A first map places the used mythèmes quite nicely in the context of other mythemes used in the same context: As in the text, Har and Gangleri are highly connected, as they are dialoging throughout the text as are the place of the hall as the location of telling stories. Loke and Thor are undertaking journeys together, accompanied of Thor’s hammer and liked both to the Aesir and the giants. God, heaven, earth and the world are put together and with these mythemes questions of cosmology. Odin is linked too questions of kingdom and fatherhood. Spots in dark green have a high degree, that is are highly connected to others, spots in light green less.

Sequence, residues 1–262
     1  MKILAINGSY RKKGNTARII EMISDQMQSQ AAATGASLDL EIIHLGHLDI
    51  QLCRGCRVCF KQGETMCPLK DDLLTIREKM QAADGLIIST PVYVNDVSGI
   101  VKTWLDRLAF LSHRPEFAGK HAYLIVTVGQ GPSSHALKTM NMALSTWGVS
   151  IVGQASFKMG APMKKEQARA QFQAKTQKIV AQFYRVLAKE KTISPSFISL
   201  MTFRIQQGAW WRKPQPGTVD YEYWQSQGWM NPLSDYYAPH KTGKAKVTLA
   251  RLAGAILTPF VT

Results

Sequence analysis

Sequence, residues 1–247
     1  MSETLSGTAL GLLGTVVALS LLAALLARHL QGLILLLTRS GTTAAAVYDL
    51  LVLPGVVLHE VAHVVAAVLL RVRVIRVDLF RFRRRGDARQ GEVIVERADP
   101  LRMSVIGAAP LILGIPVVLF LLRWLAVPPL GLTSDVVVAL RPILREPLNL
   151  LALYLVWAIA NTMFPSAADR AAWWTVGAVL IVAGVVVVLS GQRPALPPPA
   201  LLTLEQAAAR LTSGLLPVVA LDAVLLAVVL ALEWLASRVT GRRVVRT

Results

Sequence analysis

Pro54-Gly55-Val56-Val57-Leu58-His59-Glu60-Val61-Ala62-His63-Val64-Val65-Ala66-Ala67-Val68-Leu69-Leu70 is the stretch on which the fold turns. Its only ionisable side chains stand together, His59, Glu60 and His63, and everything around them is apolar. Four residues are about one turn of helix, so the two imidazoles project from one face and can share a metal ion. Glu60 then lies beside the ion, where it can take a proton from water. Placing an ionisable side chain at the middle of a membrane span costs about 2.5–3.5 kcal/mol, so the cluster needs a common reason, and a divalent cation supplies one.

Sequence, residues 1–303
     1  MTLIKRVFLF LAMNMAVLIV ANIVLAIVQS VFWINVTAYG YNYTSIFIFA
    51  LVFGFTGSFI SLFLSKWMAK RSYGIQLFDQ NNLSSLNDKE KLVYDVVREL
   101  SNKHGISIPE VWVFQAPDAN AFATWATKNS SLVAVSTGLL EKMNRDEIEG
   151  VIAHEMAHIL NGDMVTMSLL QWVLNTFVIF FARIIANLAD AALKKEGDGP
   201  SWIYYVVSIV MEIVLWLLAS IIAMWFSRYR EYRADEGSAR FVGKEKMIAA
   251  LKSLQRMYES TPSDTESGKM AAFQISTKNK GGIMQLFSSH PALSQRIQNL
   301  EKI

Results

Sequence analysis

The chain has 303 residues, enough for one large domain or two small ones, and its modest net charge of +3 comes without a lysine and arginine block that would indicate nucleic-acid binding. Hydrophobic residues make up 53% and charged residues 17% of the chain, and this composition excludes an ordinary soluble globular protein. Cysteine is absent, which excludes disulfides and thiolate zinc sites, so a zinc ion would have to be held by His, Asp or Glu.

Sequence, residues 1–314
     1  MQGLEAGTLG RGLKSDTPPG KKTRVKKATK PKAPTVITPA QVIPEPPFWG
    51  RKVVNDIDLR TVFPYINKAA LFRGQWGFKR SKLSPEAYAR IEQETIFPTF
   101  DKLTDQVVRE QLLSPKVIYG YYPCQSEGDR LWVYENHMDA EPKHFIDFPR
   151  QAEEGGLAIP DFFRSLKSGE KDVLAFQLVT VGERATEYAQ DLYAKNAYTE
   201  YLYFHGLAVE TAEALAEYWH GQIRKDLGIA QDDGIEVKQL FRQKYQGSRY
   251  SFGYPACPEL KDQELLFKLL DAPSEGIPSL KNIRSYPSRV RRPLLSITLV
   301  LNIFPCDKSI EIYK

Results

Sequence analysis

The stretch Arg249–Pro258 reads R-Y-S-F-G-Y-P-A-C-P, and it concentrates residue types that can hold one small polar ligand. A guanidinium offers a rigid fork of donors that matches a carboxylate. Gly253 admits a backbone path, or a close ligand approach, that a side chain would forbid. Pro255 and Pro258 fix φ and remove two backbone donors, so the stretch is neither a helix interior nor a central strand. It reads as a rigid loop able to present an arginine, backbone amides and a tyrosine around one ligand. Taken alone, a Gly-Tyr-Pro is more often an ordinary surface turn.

In the above map, giants seem to take an important place. To verify the centrality of the different mythèmes, I run the algorithms that define centrality of the different nodes assigned colors and font size according to the centrality of the elements in the graph. The degrees of the nodes were weighted. The next three graphs show three different resulting variants. Attention : the orientation of the map has changed as I rerun several algorithms, but the general structure remained unchanged. Dark blue nodes are central.

Map with Closeness Centrality as central theme
Map with Betweeness Centrality as central theme
Map with Eigenvector Centrality as central theme

Data at Mythème-laboratory : https://mythemes.u-strasbg.fr/w/index.php/Ref:1879_SNORRE%E2%80%99S_EDDA#tab=L_27_C5_93uvre.

Thomas Mohnike